San Francisco Opera is full of praise, citing various chords and cinematic features, calling it the precursor of movie soundtracks. But is successful opera found in the orchestra part? I think only Wagner managed that.
For the first 15 minutes or so Nicola Luisotti's orchestra completely covered the singers on the stage, a situation which gradually improved as the opera went on.
Only one small bit in the third act where the tenor is about to be hung sounds like an aria we have heard before. Puccini is supposed to have been trying for another success like Boheme. In Boheme a very long part of Act I excerpts as two glorious arias followed by a famous duet. There is plenty of opportunity for vocal fireworks when Johnson walks into the bar and Minnie and he recognize one another. The problem is that Puccini does not deliver.
How is one to evaluate an opera where high C's appear suddenly without warning? If this wasn't Puccini, we would say the vocal writing borders on the downright bad for extended stretches.
I liked the production. Two large stone walls, painted brown on one side and gray on the other, form the structure for all 3 acts. Everyone enters the Act I bar down a tall staircase, providing a backdrop for some spectacular entrances. Minnie comes in firing her gun. Then through a lighting trick Johnson appears like magic on the upper landing.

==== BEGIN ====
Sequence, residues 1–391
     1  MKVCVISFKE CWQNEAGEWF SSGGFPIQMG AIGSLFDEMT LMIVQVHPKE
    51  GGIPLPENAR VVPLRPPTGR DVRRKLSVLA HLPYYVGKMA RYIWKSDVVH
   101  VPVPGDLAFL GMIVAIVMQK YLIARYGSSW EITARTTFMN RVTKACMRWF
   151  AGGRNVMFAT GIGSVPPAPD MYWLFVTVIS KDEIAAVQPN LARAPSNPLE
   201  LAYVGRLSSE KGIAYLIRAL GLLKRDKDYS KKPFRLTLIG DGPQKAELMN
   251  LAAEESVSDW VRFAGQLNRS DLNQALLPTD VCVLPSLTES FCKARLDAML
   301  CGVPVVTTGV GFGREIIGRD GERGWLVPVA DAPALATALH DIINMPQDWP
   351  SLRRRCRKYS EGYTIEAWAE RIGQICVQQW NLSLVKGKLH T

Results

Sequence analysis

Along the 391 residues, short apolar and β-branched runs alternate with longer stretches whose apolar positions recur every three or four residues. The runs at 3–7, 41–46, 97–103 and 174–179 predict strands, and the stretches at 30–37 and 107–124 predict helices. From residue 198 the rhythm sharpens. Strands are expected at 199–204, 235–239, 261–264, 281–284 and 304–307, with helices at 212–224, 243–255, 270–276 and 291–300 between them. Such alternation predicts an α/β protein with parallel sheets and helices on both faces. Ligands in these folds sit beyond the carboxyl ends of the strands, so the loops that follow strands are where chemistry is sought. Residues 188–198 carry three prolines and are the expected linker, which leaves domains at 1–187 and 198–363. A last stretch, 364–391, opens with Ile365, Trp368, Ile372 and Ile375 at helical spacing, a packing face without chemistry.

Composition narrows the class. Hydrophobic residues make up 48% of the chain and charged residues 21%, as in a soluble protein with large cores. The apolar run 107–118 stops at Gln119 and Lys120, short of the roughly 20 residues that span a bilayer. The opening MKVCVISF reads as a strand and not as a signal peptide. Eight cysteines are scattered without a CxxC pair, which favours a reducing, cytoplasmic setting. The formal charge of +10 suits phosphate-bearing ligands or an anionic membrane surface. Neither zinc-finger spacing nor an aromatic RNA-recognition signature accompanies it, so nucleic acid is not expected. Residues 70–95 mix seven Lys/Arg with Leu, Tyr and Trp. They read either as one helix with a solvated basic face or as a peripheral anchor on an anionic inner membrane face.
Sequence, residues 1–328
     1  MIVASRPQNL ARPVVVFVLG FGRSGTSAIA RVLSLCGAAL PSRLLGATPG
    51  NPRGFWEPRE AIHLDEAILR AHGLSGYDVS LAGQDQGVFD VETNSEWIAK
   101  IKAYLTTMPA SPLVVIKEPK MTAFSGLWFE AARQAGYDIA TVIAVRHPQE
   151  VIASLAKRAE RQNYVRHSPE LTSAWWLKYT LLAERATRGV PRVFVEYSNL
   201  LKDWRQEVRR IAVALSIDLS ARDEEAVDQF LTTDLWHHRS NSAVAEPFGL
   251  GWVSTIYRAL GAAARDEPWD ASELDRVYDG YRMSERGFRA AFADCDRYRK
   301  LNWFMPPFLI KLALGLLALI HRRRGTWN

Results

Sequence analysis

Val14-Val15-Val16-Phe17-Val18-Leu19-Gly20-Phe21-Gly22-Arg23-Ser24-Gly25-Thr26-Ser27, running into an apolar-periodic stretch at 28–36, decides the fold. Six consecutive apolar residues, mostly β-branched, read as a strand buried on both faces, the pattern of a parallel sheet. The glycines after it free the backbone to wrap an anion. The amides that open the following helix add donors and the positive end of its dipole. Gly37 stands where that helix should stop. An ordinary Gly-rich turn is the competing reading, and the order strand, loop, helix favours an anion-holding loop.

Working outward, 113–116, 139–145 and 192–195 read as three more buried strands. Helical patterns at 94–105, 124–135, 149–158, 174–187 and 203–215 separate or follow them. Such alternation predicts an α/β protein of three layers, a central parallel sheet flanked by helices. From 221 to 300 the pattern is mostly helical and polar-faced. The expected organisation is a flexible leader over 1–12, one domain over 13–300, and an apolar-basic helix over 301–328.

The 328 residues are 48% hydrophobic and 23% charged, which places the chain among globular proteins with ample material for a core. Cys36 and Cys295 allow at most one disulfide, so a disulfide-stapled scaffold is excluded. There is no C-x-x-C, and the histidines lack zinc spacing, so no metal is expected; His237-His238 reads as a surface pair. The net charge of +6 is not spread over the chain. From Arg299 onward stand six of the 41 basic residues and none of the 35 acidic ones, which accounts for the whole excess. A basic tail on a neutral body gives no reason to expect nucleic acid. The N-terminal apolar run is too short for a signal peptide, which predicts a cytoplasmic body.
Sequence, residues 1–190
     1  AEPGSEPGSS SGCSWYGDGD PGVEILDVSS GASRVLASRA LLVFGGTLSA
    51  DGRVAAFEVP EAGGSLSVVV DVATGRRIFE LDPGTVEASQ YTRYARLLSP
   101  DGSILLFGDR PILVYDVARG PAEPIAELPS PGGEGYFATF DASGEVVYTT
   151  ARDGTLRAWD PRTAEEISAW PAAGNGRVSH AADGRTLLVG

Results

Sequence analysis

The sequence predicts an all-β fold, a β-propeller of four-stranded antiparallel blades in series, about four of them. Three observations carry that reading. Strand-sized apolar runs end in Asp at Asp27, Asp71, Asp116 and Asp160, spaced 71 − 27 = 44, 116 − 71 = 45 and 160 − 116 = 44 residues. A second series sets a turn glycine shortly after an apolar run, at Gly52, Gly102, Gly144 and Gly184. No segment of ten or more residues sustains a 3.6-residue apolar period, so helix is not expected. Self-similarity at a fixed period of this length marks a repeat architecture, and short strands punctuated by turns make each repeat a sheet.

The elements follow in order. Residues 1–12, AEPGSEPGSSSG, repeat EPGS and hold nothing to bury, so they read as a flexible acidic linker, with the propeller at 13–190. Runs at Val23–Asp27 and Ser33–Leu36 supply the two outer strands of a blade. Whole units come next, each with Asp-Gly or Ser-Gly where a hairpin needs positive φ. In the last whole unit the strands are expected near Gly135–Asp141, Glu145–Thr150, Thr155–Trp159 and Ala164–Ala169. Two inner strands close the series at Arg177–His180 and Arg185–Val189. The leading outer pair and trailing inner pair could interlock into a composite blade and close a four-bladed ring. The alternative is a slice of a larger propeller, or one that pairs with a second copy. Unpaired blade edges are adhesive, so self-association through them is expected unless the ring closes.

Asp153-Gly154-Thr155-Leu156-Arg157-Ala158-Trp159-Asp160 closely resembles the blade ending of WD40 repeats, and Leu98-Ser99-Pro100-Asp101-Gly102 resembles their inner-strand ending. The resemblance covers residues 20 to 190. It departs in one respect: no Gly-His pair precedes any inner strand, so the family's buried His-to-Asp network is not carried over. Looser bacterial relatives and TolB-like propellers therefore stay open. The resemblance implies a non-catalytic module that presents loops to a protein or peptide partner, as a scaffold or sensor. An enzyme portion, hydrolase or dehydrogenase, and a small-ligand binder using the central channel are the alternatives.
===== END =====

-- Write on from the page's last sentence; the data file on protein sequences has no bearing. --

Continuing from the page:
The third act is the only one that seems to work. The miners find Johnson and decide to hang him. Just as Johnson finishes asking them not to tell Minnie how he died, she rides in on a very pretty palomino horse and saves him. She tells them, "God gave this man to me." The horse is hitched to a wagon and they ride off singing "Addio."
I predicted correctly that Deborah Voigt would reappear on the horse during the bows.
Of course we could always blame the singers. I felt a vocal fit with the role only with Salvatore Licitra as Johnson. It's a terrific part for him. The role of Sheriff Rance didn't lie well for Roberto Frontali.
Minnie is a difficult role, one that requires a big voice and a big personality to fill it. Deborah Voigt rose to the part, acted Minnie as the complex individual she is and handled the difficult singing. She projected perhaps a little more self-confidence than Minnie seems to feel about herself. But Voigt is right. Her voice is better suited to German repertoire.
I've seen this opera a number of times and have begun to wonder if anything could save it. Maybe it would work as a comedy.
[See Kinderkuchen History 1890-1910]